Bailout of the Canadian homebuyer

Recently an article in Maclean’s by Kevin Carmichael appeared: “Why Ottawa should bail out homebuyers if house prices tank”. The article reminds me of the controversy that erupted in February 2009 over President Obama’s attempts to help U.S. homeowners during that real estate market crash.

If a similar debate happens in Canada, will we hear the same arguments?

Kevin Carmichael wrote that Ottawa should bail out homebuyers that otherwise would lose their houses.

The problem with this proposal is that some people will view such a bailout as unfair to the people who were prudent with their borrowing and spending. Such a bailout also could encourage irresponsible borrowing and “moral hazard”.

In 2009 the U.S. faced a similar debate, highlighted by bond trader and CNBC commentator Rick Santelli’s rant focused on the “moral hazard” argument. He said “Do we really want to subsidize the losers’ mortgages?”  That argument goes like this: If we let people off the hook on their decision to borrow lots of money, we foster an irresponsible attitude that one should just borrow as much money as possible and then walk away, if it doesn’t work out. Presumably Santelli felt that it’s better to let them lose their houses to teach them a lesson. Many, many people agreed with him. He also brought into the argument that taxes incurred to fund the bailout would hurt responsible citizens to help the bankrupts.

As some Canadians continue their headlong rush to the brink of insolvency by borrowing larger and larger amounts, this question could come to a head soon in Canada. The over-extended Canadian debt level is only one significant house price correction or recession away from creating a reality similar to the 2009 U.S. crisis. In that scenario, there would be hundreds of thousands of Canadian households that couldn’t pay back their debts. Most of them saddled themselves with these debts while following the existing government rules and under close supervision by Canadian lenders and authorities like the CMHC and Bank of Canada.

Source: Statistics Canada, CANSIM Table 378-0123, The MacBeth Group

So who is responsible? Was it really only reckless borrowers?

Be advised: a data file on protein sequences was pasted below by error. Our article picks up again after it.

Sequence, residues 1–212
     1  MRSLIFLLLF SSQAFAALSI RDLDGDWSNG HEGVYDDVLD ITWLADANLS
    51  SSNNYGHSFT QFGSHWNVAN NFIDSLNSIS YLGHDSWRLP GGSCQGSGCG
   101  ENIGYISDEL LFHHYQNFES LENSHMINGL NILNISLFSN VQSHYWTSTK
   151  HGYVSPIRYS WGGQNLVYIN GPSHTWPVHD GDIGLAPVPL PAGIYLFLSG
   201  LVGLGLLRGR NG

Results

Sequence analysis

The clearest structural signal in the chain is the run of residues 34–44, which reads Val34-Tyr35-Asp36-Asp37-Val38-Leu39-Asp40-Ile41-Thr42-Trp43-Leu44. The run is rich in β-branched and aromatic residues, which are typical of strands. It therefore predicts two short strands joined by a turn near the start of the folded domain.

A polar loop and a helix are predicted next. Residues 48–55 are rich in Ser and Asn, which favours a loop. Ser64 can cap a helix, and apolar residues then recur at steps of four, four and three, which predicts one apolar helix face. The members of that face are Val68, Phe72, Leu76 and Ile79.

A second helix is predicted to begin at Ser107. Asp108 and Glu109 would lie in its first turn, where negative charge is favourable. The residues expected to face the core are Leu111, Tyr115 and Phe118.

Were lenders careless too when they allowed people to borrow 5, 6 or even 7 times their household income in Toronto and Vancouver? If the lenders argue that they were just following the existing rules, couldn’t Canadian households make the justification?

The borrowers could say, “The bank said that I qualified for the loan, so it’s not my fault.”

The rules have been modified many times, making it easier for households to qualify to get in over their heads. Authorities such as OSFI, the CMHC and various governments might come in for criticism, recognizing that it took more than two decades to get us into this predicament.

If we suffer a Canadian housing crash and a recession that fosters widespread household and business insolvencies, will we also see significant regulatory reform that would prevent a future household debt crisis? The U.S. experience tells us that reform could be difficult.

It’s more likely governments will support the lenders while letting the “foolish and irresponsible” borrowers feel the full weight of the inevitable consequences of their mistakes.

After all, Rick Santelli had the politics right, based on the response to his rant. But Santelli fails to see the bigger picture.

The most important issue is that economic crises are very expensive and rules should be written to avoid them, as the top priority. The debate about where to place the blame after the crisis misses the point.

 

Hilliard MacBeth

 

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